Cook County

Security Guard Fired 20 Shots While Lying on Ground, Killing Woman 4 Blocks Away: Prosecutors

A security guard wildly fired more than 20 rounds on a busy street without regard for who else could be hurt after he was shot in the leg during a confrontation with another man earlier this week, Cook County prosecutors said in court Friday.

Victor Brown missed his target, but one of the bullets he fired Tuesday afternoon instead struck a 55-year-old grandmother in the chest as she walked to a bank four blocks away, prosecutors said.

Bobbye Johnson, whose family said she “loved God, loved church, loved her grandkids,” later died.

Brown, 34, faces a first-degree murder in her death.

Because Brown was still hospitalized with a gunshot wound to his thigh and did not attend the hearing, Judge Kelly McCarthy said state law did not allow her to hold him without bail.

Instead, the judge said he would have to post $1 million to be released.

McCarthy set another hearing for Brown on Monday for that bail to be reviewed — or revoked, if he’s released from the hospital by then.

An assistant public defender for Brown said his client appeared to be defending himself when he opened fire about 4 p.m. that day on a busy stretch of 35th Street not far from Chicago police headquarters.

Brown had been shot first by a man who was a “known nuisance” and had previously been banned from the store where Brown worked as a security guard, the defense attorney said.

Brown was working as a guard at a liquor store and attached Jamaican jerk chicken restaurant when he saw the man leave the restaurant, Assistant State’s Attorney James Murphy said.

Security video recorded Brown arguing with the man, who then put his fists in the air near his face as they drew closer together, Murphy said. The man then put his hands in his jacket and fired once through the pocket, striking Brown in the leg.

Brown fell to the ground as the man who shot him, known by his nickname “Renegade,” ran off, Murphy said. The man was already a block away when Brown drew and fired a “starter pistol that contained only blank” rounds, Murphy said.

Another security guard with a permit to carry a concealed weapon, pulled his own gun but chose not to fire, “because there were too many bystanders around” and the man who shot Brown was too far away, Murphy said.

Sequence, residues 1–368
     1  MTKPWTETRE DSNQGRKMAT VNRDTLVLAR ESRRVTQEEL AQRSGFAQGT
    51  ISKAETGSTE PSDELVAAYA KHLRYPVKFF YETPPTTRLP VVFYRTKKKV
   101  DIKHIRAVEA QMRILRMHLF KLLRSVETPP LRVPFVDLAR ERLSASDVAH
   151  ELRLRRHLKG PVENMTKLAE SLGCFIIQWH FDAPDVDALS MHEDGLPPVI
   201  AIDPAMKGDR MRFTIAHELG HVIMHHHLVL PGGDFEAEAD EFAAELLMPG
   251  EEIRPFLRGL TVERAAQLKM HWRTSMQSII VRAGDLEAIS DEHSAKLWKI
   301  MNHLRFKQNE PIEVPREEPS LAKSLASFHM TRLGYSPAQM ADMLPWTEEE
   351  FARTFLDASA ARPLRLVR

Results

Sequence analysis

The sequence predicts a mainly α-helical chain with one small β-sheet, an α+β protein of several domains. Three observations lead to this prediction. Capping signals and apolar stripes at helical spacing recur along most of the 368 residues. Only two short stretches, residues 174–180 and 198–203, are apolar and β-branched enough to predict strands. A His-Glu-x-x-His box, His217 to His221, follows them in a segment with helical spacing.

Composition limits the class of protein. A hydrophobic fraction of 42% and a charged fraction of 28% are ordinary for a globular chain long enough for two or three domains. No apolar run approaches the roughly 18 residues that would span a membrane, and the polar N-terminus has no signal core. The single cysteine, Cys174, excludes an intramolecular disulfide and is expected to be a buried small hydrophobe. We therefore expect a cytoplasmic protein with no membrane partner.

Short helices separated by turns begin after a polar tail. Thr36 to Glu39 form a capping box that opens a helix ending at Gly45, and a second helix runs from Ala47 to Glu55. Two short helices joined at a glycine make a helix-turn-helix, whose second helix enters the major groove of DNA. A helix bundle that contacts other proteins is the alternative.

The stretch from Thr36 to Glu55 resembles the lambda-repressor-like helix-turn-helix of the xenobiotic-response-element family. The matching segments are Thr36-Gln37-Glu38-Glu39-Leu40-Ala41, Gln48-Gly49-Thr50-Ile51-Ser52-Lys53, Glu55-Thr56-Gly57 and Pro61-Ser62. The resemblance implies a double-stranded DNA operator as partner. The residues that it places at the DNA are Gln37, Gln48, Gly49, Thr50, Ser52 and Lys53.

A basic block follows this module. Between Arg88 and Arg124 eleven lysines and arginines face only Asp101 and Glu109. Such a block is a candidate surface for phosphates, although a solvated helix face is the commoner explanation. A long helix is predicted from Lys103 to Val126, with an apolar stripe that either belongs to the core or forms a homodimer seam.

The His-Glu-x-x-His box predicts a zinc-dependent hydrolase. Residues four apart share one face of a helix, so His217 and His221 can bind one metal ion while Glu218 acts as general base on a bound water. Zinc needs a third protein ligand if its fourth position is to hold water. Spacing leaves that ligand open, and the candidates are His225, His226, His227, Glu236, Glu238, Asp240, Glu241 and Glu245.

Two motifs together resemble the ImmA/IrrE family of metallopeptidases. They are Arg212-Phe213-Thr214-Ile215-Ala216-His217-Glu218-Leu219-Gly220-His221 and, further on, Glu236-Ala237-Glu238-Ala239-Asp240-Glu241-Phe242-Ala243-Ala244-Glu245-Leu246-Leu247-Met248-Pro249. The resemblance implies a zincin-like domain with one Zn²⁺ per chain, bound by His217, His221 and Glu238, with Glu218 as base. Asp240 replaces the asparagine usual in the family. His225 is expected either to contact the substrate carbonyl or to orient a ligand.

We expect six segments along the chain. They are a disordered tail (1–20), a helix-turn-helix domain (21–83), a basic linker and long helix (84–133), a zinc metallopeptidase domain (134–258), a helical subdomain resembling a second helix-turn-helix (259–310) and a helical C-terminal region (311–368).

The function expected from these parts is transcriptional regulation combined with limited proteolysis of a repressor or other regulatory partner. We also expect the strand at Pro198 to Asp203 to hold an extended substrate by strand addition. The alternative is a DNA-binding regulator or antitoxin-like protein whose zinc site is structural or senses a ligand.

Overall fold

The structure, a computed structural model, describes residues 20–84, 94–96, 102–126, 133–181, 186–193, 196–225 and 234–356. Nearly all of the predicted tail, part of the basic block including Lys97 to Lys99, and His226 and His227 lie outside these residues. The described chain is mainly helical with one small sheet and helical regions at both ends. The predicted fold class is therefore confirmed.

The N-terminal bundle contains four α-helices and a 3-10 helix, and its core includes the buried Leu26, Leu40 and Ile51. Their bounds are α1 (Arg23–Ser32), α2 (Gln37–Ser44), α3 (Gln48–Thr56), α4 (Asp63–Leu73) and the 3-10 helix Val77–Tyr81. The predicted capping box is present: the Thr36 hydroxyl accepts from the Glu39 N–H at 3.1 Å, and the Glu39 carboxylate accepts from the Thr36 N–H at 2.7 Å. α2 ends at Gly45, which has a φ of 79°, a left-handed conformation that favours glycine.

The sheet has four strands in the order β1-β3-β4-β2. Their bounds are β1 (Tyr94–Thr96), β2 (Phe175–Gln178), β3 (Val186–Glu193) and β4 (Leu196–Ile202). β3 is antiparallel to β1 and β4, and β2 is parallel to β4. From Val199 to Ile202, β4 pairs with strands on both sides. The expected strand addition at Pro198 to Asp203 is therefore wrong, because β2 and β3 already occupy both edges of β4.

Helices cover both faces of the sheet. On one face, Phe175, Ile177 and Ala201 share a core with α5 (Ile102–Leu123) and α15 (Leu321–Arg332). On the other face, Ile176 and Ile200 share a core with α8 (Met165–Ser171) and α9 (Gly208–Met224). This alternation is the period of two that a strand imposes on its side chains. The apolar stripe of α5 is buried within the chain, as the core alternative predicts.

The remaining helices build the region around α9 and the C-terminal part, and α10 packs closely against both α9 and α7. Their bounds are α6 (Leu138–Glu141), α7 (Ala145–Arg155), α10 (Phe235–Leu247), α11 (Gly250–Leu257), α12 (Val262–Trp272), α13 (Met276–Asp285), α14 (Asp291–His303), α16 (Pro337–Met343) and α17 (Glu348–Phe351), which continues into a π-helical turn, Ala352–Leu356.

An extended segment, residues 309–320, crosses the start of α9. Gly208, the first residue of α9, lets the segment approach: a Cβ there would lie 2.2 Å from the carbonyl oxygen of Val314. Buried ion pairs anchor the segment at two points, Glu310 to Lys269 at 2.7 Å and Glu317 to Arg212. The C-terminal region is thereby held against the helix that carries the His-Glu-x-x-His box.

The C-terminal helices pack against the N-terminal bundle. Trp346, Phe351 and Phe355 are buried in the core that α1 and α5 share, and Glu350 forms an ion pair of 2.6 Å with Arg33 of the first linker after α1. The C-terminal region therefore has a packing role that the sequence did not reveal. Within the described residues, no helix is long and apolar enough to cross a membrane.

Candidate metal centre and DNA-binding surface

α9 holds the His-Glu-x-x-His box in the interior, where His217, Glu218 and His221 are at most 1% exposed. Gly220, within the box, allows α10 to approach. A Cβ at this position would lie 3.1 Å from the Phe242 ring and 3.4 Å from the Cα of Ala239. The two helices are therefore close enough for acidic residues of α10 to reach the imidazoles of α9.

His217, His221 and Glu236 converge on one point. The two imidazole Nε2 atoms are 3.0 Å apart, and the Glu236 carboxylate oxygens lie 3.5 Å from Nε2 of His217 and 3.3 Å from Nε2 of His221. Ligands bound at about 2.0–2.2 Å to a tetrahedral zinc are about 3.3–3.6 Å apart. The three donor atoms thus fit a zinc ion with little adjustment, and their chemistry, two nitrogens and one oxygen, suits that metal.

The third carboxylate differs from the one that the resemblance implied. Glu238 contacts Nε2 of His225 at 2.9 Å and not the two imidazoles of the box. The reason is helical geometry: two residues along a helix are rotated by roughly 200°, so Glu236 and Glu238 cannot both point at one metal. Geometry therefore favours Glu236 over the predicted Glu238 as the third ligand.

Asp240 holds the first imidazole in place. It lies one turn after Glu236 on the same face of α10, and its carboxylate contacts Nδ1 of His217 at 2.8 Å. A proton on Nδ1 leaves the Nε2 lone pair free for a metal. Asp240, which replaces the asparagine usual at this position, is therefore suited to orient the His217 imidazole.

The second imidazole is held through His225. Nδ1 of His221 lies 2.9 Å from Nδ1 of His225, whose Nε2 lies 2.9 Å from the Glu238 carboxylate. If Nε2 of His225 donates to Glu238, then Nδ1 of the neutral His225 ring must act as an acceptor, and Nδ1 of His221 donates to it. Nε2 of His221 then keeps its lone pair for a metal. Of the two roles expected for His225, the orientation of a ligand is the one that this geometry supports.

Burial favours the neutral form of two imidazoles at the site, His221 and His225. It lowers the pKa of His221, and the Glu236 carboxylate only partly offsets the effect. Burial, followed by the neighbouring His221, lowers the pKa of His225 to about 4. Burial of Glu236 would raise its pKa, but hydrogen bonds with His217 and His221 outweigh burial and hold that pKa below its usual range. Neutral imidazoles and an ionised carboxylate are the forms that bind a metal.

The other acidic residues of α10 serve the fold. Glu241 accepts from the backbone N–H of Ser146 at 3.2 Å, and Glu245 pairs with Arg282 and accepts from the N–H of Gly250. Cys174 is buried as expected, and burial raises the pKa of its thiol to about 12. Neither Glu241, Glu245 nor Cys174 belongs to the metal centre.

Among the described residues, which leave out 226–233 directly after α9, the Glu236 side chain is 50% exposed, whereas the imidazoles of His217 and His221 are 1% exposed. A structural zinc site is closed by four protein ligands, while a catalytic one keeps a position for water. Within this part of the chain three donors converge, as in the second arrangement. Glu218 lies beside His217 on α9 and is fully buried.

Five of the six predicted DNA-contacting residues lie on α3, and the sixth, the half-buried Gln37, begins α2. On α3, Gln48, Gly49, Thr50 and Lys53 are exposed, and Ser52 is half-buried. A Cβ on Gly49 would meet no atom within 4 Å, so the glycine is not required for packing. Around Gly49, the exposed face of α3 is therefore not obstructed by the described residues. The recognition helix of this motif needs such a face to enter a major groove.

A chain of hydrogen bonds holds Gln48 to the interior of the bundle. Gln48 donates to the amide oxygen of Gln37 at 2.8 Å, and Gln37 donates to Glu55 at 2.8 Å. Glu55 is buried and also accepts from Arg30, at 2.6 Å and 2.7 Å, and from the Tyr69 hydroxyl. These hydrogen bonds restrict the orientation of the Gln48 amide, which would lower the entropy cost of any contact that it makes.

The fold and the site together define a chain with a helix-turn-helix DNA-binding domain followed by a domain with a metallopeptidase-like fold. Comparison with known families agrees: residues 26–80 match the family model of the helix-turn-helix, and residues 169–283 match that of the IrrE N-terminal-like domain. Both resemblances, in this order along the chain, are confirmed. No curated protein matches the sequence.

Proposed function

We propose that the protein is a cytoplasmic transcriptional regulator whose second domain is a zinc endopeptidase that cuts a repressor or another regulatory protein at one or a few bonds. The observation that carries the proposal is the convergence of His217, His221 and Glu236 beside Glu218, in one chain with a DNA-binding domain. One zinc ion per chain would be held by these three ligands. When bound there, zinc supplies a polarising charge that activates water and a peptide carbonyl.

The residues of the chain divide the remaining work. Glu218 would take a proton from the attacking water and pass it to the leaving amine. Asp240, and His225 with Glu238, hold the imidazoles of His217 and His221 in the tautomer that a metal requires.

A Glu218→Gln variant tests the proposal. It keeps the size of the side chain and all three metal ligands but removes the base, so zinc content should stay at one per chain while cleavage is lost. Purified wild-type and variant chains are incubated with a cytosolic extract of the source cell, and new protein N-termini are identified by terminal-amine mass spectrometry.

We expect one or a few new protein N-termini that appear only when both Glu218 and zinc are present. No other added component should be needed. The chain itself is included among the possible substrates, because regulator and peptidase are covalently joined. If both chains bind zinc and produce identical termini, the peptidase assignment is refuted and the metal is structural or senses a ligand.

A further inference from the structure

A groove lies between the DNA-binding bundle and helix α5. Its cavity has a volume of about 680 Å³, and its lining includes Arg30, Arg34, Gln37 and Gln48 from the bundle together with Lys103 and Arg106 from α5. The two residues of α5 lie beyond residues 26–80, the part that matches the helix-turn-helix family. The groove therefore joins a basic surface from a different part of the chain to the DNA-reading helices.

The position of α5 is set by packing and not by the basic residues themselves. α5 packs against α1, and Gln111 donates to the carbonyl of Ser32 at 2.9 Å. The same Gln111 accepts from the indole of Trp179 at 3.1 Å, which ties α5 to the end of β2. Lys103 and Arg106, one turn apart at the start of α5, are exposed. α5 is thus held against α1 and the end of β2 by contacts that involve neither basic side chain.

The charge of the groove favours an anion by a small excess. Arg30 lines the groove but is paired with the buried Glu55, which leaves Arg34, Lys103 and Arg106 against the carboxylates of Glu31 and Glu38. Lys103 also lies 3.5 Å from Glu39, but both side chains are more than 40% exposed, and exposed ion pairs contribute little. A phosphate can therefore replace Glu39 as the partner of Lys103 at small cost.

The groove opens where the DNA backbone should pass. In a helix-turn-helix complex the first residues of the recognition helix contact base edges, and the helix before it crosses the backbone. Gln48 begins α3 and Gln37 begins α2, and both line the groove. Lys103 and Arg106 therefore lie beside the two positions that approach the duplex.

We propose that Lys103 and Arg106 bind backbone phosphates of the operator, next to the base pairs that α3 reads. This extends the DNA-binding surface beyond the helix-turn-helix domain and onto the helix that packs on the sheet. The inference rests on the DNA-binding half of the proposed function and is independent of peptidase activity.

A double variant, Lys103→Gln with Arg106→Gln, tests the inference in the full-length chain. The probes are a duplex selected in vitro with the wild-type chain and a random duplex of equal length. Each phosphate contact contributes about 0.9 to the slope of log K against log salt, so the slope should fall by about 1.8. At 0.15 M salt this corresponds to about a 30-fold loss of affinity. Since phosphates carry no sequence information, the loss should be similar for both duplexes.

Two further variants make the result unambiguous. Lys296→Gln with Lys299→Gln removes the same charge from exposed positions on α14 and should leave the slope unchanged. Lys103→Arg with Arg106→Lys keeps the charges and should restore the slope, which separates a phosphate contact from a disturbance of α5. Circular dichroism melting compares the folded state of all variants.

Brown then took that guard’s gun and began shooting while lying on the ground, despite the man known as “Renegade” being blocks away by that time, Murphy said.

A nurse waiting at a nearby CTA bus shelter who saw the shooting unfold said she screamed at Brown to stop firing because the man he was targeting “was nowhere to be seen,” Murphy said.

Brown, additionally faces an unlawful use of a weapon charge because, as a convicted felon, he is not allowed to possess a gun, Murphy said.

Brown’s defense attorney argued that he was only in possession of a gun because the circumstances required him to use one.

Cook County court records show Brown has been arrested at least 10 times, including for illegal gun possession, battery, domestic battery and armed robbery.

Most of the cases were dropped, but he pleaded guilty to domestic battery in 2015 and armed robbery without a firearm in 2010. He was given 100 days in Cook County Jail on the first case, and six years in the Illinois Department of Corrections on the other.

The man known as “Renegade” was still not in custody as of Friday afternoon, according to police.

During a news conference at the time of the hearing, Police Supt. David Brown said detectives may release surveillance video of the shooting to identify him.

A source familiar with the video described Victor Brown’s actions on the footage as “mind-boggling” in their recklessness and expressed amazement that more people weren’t hurt.

The superintendent said it still wasn’t clear if Victor Brown was employed by a security company at the time of the shooting, but said it instead appeared that he had “a very loose relationship” with the store to provide security.

A person who answered the phone at the restaurant Friday said a manager or owner was not immediately available to answer questions.

Johnson was known for her gospel singing, some of which she had written herself and shared on YouTube, her family said.

“She was so sweet to everyone, even if you did anything wrong she would always have the best to say,” they said in a statement after her death.

Supt. Brown said he hoped the charges would bring a “small measure” of closure to her family.

“You’re in our prayers,” he added. “Mrs. Johnson should be here but for the reckless conduct of the person charged.”

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